It prevents error of judgment by individual judges, it prevents partiality on the part of the judges It helps lawyers to take a cautious view of the development of law on the basis of past judicial experience because of above all factors precedents are become achieve important place as one of the important source of law. Precedents can be classified into two categories: (1) Authoritative and (2) Persuasive. The authoritative precedent is one which has a binding force and the judge must follow it whether he approves it or not. Authoritative precedents are the decisions of superior court of justice which are binding on subordinate courts. For ex. Supreme Court, High Courts, Persuasive precedents, on the other hand, is on which the judges are under no obligation to follow but which they may take into consideration at the time of making decision. Now from all above discussion we are well able to understand precedent, how we discussed the position of precedent in real practice and its recent value in administration of justice. In the recent years, the value of the doctrine of precedent has become a debatable issue.

In England the importance of precedent is much more than in any continental country, that is why it is often said that judicial precedent is an unique feature of common law countries because the great body of the common law or unwritten law is almost entirely the product of decided cases and common law of England has been created by the decision of English judges and precedent is not merely evidence of the law but a source of it and the courts are bound to follow the law that is so established. House of Lords is the highest Court in England, its decisions bind all the inferior courts, the House of Lords itself is bound by its own previous decision but this position after a long controversy and various debates become change after the famous classic case. Boys v. Chaplin, 1968 IAIIER 283 and it is finally decided that as the House of Lords is the highest court in England, its decisions are absolutely binding on all inferior courts. But House of Lords is now not bound by its own earlier decisions and so nowadays House of Lords is not bound by its own previous decisions. In continental countries like Germany France, Italy, judicial precedent has only instructive value and it is not authoritative.

In these countries its importance is no greater than that of a textbook of law. In India judicial precedent has great value. The position of precedent becomes clear after 1950 and the doctrine of precedent gets a constitutional recognition. Art. 141 of the constitution provide that law declared by the Supreme Court to be binding on all courts, within the territory of India. It is clear from the wordings of Article 141 that the law declared by the Supreme Court is binding on all courts in India. But there after in various debates question arises that, whether the expression all courts include Supreme Court also. This question gives birth to various new views, that whether Supreme Court follows the British model of the House of Lords of ‘be bound’ or the U.S.A. Supreme Court ‘not be bound’. This question was first discussed by S.C. in the famous case. Now it is finally concluded from all forgoing discussion that the position of precedent from past to present is changed in vast dimensions and importance.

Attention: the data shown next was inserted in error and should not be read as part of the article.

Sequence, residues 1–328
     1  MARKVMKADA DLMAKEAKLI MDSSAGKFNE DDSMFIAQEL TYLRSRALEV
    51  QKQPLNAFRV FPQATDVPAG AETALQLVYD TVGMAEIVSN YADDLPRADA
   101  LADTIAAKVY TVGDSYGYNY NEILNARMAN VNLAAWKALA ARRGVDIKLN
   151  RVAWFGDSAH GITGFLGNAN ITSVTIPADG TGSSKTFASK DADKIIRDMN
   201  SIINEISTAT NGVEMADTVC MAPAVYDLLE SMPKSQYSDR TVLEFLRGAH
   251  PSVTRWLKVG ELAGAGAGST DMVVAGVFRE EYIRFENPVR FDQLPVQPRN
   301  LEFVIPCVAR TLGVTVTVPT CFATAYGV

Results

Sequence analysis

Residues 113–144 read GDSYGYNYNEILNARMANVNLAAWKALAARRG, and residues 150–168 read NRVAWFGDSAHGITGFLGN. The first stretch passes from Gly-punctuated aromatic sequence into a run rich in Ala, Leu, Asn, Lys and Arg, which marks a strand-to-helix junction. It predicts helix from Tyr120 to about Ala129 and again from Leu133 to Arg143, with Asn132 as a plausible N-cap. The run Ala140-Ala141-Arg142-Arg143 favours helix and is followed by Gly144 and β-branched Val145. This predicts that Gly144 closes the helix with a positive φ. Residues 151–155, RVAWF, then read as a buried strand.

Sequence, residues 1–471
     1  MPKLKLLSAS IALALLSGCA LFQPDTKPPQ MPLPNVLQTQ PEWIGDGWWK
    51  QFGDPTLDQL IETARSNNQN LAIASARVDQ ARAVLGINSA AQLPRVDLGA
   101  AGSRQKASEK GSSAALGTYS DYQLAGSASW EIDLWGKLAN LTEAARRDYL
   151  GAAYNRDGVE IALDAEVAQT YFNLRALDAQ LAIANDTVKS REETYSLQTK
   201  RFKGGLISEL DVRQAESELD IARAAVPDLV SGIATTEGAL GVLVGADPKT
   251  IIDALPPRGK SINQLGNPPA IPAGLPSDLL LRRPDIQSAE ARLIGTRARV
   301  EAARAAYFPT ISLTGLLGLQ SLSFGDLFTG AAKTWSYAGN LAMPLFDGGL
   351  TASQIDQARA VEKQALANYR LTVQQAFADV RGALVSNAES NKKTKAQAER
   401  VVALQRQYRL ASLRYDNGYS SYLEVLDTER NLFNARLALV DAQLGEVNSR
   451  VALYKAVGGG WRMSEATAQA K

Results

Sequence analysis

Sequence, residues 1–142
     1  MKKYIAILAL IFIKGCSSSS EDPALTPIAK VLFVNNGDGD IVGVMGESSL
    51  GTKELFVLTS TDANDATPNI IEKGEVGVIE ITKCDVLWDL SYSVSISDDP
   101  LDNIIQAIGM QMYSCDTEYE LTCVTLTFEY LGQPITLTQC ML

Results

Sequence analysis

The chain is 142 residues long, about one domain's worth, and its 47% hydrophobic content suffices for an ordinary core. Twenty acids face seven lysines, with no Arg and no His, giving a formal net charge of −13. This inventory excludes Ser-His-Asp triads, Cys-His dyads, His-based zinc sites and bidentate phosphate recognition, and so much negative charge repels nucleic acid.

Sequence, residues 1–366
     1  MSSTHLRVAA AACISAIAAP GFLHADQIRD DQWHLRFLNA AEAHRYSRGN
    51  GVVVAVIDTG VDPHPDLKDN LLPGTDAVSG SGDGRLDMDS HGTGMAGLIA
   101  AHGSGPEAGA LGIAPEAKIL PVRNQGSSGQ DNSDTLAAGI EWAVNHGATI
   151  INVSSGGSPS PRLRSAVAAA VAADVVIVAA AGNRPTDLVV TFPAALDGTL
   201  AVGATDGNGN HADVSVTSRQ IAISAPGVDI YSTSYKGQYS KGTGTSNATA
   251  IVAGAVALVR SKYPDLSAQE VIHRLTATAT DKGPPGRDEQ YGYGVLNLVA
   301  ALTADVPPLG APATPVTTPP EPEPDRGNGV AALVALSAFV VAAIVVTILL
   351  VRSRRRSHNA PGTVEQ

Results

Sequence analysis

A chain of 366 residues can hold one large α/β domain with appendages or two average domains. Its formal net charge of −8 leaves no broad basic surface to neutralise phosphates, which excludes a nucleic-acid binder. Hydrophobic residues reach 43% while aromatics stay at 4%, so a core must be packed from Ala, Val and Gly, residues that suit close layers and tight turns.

Value of precedent is now decreased to some extent and new concepts of prospective overruling has evolved to avoid the complications in vast changing society. In true sense precedents enable the judges to re-shape law according to the social need and at the same time the binding authority of the precedent acts as an effective check on the arbitrary discretion of the judges. Precedent helps common people to know about the intricate principles of law. Precedent helps Lawyers in their argument without waste of unnecessary time and energy whenever they want to cite any case-law. It also provides useful guidelines for the judges in deciding cases before them. But there are some contrary arguments towards precedent as Bentham did not recognize precedent as law at all because it lacks binding force of the state. Some critics argue that, statute law is more important than precedent, they say that, judicial precedents are published in law reports which are in such a large number that it becomes practically difficult to find out a particular case from such a voluminous legal literature and so it is very time consuming, they also contend that, at one time, different courts express conflicting opinions on the same point which renders the validity of precedent doubtful and uncertain and there is always a possibility of erroneous judgment in such a case.

Another objection which is quite often raised against precedent is that development of law through case-law more or less depends upon chance, because there is no test available for determining the validity of law made by precedent. Sometimes erroneous decisions of S.C. create practical problems for the subordinate judges as they are bound to follow these decisions howsoever wrong or defective. This adversely affects the growth and development of law in the right direction. But despite the aforesaid critical argument, judicial precedent has been as one of the important sources of law in most of the legal systems particularly U.K., U.S.A., Australia, Afro-Asian countries and India as the merits of the binding effect of the precedent (decision) it must be stated that it gives certainty and uniformity to law and brings about its scientific development and precedents always remain an effective weapon of shaping and developing law according to the needs of the changing society.

Facebooktwittergoogle_plusredditpinterestlinkedinmail

About the author

admin

View all posts